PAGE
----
A ground-breaking collaboration between the University of Leicester and the National Trust, ‘Colonial Countryside’ is a child-led history and writing project supported by a team of historians. The first ever study of Trust houses’ colonial connections revealed that over a third had direct links to the British Empire.
The Colonial Countryside report became an intense focus of media scrutiny and public debate during the 2020 Black Lives Matter protests, when the heritage sector came under pressure to address its slavery links.
Before Colonial Countryside, the Trust had run a number of initiatives to make these links clear to visitors, notably during the 2007 bicentenary of the abolition of the slave trade. However, such exhibitions were temporary and it was hard to produce a lasting impact. Knowledge of these colonial links remained little-known to heritage professionals and audiences alike.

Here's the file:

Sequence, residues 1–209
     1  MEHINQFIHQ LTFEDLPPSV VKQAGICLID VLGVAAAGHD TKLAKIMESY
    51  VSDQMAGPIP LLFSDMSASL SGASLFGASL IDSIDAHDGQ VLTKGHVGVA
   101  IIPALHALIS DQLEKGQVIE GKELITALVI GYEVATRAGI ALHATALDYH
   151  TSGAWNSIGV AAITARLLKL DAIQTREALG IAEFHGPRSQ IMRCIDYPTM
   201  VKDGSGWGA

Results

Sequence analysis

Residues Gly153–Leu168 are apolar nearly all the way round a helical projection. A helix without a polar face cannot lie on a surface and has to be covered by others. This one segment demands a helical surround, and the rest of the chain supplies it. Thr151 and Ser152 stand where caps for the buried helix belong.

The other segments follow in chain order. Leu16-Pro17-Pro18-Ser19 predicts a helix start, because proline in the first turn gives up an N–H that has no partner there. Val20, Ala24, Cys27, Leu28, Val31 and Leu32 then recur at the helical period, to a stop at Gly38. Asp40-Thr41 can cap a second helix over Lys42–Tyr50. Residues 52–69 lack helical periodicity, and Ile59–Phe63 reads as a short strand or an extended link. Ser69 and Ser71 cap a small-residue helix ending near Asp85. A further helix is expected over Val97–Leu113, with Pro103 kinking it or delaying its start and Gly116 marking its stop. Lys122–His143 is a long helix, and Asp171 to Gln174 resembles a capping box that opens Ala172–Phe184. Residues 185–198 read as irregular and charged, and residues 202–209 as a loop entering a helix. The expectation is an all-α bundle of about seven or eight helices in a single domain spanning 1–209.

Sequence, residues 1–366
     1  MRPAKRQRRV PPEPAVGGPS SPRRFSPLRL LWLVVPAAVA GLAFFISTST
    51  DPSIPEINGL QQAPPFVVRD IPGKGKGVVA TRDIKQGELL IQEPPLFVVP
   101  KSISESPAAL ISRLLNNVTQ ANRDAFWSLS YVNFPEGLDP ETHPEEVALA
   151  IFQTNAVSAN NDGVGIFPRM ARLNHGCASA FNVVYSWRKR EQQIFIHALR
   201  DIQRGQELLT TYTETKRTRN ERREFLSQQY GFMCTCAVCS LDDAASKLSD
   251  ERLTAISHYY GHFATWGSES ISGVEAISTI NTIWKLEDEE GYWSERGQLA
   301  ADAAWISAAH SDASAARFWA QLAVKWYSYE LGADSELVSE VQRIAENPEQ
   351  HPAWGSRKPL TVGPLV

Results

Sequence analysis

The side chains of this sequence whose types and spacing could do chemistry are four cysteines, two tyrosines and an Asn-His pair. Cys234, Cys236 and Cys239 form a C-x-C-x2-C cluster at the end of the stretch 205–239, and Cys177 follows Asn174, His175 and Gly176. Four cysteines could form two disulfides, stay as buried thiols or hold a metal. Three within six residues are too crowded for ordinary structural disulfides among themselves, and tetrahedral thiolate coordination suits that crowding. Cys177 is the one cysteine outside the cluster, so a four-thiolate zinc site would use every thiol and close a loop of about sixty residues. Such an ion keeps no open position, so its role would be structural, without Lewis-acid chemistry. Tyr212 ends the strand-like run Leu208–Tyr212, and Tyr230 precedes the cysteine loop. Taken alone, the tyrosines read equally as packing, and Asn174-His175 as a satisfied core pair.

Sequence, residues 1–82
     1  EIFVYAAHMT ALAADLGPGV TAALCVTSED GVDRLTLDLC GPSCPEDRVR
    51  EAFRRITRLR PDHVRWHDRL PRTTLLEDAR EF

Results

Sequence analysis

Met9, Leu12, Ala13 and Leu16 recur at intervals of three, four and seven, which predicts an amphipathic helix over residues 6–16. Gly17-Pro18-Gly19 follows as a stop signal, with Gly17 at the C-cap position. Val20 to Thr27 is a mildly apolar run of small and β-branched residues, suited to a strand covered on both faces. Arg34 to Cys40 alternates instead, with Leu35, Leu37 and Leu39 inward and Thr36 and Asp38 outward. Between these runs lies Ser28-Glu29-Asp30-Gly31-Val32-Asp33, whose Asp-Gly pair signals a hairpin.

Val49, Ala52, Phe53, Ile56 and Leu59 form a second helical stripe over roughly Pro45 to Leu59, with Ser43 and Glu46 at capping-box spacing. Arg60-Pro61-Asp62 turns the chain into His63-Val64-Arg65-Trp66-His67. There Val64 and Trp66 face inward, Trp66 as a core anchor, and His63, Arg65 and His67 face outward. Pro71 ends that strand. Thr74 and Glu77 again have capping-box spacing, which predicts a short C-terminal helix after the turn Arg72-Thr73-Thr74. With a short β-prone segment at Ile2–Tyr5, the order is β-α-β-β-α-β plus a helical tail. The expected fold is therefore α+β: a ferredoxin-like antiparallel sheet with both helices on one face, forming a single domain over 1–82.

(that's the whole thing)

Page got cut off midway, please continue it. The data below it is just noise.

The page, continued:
Colonial Countryside’s ambitious aim was to transform the heritage sector’s approach to its colonial links, through the National Trust’s leadership. Arts Council England and Heritage Lottery Fund paid for 100 BAME pupils to learn about colonial history through the lens of local heritage. These children participated in writing and public speaking workshops throughout the country. They communicated this history in speeches at a children’s conference (at the University of Leicester) and at national conferences (including the British Museum’s annual conference in 2019). The pupils produced popular Twitter information videos, rewrote guidebooks, commissioned an artist, wrote visitor pamphlets and initiated an international collaboration between the Trust and an Indian heritage partner, now under negotiation. The children co-produced exhibitions at four Trust properties: Penrhyn Castle, Sutton House, Kedleston Hall and Basildon Park.